But, being a non-amritdhari means you obviously are free to not live fully within the rehat maryada (sikh code of conduct).
There is no reason why a non-amritdhari cannot gain anything spiritually, but as the way of life is NOT under the full sikhi discipline, this would have some degree of impact on what may be achieved spiriually. The degree of affect would vary from one being to the other.
pssekhon wrote:As a non-amritdhari, can I call myself a Sikh? What do I lack as a non-amritdhari and what can I not achieve spiritually?
You can refer to you as anything you want but when you do a thorough search from within yourself, you will see that it isn't worth calling yourself anything.
First be a good human and you will be the better than a religionist could possibly ever be.
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Waheguru ji ki fateh
At the time of tenth Guru ji there used to be three kinds of sikhs. A granth named 'Sau Sakhi' written by one Sahib Singh who claims to be a scribe to write the text of this granth as dictated by Bhai Gurbax Singh earlier known as Bhai Ram Kanwar or Ram Kaur a descendant of Baba Budha ji and a knowledgable and honoured member of Guru Gobind Singh ji''s retinue.
In the 61st Sakhi of this Granth in the 7th couplet Guru ji is said to say,
"ਤੀਨ ਪਰਕਾਰ ਮਮ ਸਿਖ ਕੇ ਸਹਜੀ ਚਰਨੀ ਖੰਡ"
Teen parkar mum sikh ke sehaji charani Khand.
There are three kinds of my sikhs, Sehaji, Charani, and Khand.
Sehaji in the present usage means Sehajdhari.
Charani means a person who became a sikh of the Sikh Gurus by receiving 'Charan Pahul or Charanamrit'. That is be drinking water in which Sikh Guru ji dipped the toe. Finally,
'Khand' means a Sikh who received the Khanda Pahul, ie baptism by drinking the water sanctified by stirring with a Khanda or double-edged sword.
It means that during later period of tenth Guru ji there was a situation when there existed Sikhs who had taken Khande di Pahul. Also there were still those sikhs around who had not taken Khande di Pahul but had earlier become Sikh by being baptised by the earlier tradition of 'CharanAmrit'. Some of them had even taken Charanamrit from ninth Guru ji. Still there were those aroung who were part of the Guruji Sangat who had neither Khande di Pahul nor Charanmrit but still considered themselves to be Sikhs of Guru ji. The later Guru calls in the above line as 'Sehaji' or Sehajdhari.
The term Sehajdhari was a borrowing from the tradition of Sidhs and Yogis.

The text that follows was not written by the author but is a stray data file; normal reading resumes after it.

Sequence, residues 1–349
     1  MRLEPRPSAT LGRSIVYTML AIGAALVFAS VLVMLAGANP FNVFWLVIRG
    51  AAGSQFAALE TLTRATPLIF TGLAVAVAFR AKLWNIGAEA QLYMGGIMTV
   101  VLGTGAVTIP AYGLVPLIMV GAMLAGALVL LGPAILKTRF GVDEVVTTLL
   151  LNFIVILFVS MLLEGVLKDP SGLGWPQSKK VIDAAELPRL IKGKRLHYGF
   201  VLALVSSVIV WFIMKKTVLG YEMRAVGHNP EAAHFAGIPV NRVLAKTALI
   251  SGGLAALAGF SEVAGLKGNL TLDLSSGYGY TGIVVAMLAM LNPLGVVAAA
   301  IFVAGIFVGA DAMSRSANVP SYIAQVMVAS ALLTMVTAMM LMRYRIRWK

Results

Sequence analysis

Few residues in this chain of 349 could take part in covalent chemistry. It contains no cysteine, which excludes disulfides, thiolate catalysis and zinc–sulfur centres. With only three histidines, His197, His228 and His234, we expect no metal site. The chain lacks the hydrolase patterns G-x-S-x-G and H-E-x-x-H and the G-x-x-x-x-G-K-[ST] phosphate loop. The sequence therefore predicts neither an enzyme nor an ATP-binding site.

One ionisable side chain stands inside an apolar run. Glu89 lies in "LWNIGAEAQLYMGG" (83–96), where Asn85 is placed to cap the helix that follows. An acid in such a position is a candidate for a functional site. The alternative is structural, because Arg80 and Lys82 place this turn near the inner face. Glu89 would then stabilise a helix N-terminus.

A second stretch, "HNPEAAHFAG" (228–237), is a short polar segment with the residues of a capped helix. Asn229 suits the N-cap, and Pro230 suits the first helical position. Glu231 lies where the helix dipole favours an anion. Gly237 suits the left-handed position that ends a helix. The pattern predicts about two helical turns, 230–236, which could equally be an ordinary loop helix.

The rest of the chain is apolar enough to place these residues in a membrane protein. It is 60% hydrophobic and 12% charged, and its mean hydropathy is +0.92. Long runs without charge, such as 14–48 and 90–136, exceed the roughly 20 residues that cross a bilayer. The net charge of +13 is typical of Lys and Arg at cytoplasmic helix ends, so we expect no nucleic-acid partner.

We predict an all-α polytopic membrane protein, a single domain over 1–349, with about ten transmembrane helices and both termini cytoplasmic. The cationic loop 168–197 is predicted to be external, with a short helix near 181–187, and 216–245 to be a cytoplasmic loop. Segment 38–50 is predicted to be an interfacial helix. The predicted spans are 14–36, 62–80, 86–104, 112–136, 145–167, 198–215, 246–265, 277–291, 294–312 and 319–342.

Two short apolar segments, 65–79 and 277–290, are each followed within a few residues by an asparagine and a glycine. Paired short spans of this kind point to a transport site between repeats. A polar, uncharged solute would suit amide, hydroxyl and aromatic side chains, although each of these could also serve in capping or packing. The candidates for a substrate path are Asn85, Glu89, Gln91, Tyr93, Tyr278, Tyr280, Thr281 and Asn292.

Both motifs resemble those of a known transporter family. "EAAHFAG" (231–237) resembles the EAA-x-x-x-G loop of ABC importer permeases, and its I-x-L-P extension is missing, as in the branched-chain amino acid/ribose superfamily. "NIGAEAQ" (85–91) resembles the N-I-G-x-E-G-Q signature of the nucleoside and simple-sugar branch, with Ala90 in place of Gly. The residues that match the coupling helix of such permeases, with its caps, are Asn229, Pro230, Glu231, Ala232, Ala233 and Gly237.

We are aware that the traditional Buddhism during earlier centuries of CE split into Hinyan (the lower vehicle) Budhists and Mahayan (the higher vehicle) Budhists. The later evolved into Vajaryan (the diamond vehicle) Budhistrs during the eighth or ninth centuries. The follower of Vajaryan were known as Sidhs or Vajaryani Sidhs. These Sidhs adopted physical methods of meditation that came to be known as Hathyoga. Hathyoga meant very severe yogic practices or Hath meaning stubborn persistence. The leader of these Sidhs, eighty four in number, was Machhinder Nath. Machhinder Nath had a very promising and popular disciple named Gorakh Nath who split from the mainstream Sidh tradition of Vajaryan and developed a new Panth called Sehajyan (the easy or tranquil vehicle). Gorakh Nath condemed the Hath Yoga of his predecessors and advocated 'Sehaj Yog'. Sehaj Yog emphasised the training and controlling the mind rather than the severe discipline of the body in Hath Yog. The new insignia of the Sehaj Yogi was wearing a pair of thick ivory or glass rings in the ears. This resulted in them to be called 'Kanphate Yogis' or 'Yogis with pierced ears'. In Gurbani we find various Yogis in conversation with Guru Nanak Dev ji. They were followers of Gorakh Nath (who lived during ninth tenth century, but the followers who succeeded Gorakh Nath as Guru were also called Gorakh Nath as the ten Guru ji in Gurbani write their name as Nanak in Gurbani). We find the current succesor at the time of Guru Nanak also known as Gorakhnath.
'Sehajdhari' does not mean who is endeavouring slowly to become an Amritdhari as is currently being interpreted but a Sikh who does not adopt the discipline of an Amritdhari (just as Sehajyogis did not adopt the discipline of Hat Yogi Sidhs of Vajaryan) and may not ever adopt this discipline. Even after 1699 Sehajdhari Sangats in some parts of India who were entirely non-Amritdhari and Guru ji wrote them letters addressing them as 'Tusi mera Khalsa ho'. (See hukamnamey, Ganda Singh, hukamnama 55, 57, 60 )
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